As for the Judas reference, the only reason I am keeping it away is because I feel it is a very important plot point for Nolan and I’d like people to experience it as he intended it.

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  3. Kelpha says:

    You are the only one who mentioned the Judas, Bible, Adam Eve, Lazarus and 12 apostles reference

    It is a very balanced piece of writing.

    i myself could watch till Matthew enters the black hole and comes out stuck in the 5th dimension. Then my mind just could not take more. It interfered with my logical thinking that

    1) Time is linear and cannot run differently at different planets. I accepted that in Inception, because dreams are not real

    2) Gravity cannot be used for communication

    Plus there are a whole lot like what happens when he comes out of black hole. How does he get stuck. How does he morse code the “stay” part. What communication he uses? How does he time travel back and then forth.

    But yes, for the sake of thrills, all this can be forgiven.

    Why do you think that to allow for a story to move forward or to provide a reference, doing away of people and ideas is unbecoming. Isnt that one of the important parts of storytelling?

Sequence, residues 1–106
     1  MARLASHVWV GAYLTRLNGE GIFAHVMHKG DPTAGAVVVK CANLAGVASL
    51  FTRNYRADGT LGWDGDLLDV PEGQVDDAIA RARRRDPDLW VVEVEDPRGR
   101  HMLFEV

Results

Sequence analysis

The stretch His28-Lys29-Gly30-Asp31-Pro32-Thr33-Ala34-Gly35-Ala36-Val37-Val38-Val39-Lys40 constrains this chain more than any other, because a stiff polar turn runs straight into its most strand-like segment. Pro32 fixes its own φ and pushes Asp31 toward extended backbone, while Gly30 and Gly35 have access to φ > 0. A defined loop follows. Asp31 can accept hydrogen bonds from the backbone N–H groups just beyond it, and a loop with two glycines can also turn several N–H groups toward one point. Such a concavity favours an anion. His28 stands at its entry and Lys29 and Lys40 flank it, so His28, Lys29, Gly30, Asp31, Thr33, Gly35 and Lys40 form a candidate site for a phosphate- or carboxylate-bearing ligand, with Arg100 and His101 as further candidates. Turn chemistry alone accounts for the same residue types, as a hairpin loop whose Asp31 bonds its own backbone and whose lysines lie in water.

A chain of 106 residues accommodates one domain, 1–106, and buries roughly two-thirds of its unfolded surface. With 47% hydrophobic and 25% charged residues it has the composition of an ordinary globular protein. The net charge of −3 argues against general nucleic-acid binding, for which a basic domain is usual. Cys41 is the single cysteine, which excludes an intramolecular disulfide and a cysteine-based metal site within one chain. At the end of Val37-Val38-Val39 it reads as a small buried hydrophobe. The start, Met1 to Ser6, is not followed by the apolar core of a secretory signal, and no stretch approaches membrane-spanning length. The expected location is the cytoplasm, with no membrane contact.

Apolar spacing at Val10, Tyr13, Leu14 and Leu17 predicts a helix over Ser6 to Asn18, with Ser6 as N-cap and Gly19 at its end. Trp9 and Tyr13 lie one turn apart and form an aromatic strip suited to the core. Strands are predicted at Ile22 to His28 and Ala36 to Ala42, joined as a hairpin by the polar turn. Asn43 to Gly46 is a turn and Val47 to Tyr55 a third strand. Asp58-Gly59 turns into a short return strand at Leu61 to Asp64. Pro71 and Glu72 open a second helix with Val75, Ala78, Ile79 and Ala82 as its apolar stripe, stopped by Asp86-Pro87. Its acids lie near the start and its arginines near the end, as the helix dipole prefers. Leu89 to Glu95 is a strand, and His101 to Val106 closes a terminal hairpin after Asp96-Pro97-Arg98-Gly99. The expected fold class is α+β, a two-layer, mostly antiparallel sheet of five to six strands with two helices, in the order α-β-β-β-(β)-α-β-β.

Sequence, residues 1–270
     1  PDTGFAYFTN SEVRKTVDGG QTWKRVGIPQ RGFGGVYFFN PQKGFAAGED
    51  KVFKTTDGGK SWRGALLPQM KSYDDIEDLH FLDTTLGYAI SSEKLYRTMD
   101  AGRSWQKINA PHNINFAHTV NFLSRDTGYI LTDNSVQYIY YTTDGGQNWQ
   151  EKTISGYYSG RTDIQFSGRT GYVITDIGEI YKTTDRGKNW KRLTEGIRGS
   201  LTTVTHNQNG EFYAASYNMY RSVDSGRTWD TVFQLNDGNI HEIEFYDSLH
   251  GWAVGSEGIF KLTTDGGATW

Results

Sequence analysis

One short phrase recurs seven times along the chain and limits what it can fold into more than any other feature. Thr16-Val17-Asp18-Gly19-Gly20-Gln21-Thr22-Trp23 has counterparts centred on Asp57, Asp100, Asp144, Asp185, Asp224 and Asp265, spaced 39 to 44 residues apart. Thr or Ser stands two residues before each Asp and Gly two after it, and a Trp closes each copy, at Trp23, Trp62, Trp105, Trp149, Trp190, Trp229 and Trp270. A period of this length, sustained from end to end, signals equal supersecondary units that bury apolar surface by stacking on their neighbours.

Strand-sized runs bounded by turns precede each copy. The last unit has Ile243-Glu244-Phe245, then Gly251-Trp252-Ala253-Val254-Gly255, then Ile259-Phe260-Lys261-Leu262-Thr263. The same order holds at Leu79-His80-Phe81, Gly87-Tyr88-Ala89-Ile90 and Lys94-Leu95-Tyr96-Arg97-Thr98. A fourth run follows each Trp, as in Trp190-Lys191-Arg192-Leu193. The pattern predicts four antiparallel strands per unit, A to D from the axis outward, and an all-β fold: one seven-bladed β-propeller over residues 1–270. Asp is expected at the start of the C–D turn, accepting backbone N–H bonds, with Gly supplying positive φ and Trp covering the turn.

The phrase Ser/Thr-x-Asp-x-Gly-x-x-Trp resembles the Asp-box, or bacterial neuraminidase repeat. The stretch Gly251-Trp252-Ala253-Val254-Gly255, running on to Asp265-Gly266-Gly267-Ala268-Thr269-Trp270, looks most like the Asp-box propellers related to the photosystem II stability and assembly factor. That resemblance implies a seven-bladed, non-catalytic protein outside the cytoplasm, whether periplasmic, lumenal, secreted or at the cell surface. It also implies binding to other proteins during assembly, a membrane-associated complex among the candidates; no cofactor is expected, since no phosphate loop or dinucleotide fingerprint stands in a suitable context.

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    1. The reason I say it is unbecoming here is because Doyle has hardly added anything to the movie and before you even register such a character as a necessity, he is done away with. And the only reason Romilly is killed is to reach the Adam & Eve conclusion. Was it really necessary? Even though his character has relatively longer screen time compared to Doyle and there is a good dose of humor involving him, what did he really add to the movie, in terms of emotion? The scene where he grows old? I find it rather too easy and convenient and laborious, like love is.

      It is unbecoming because for a movie about love, the two characters don’t strike any empathy or mourning on their death.

      I rewatched the movie and the first 45 minutes is something I absolutely love.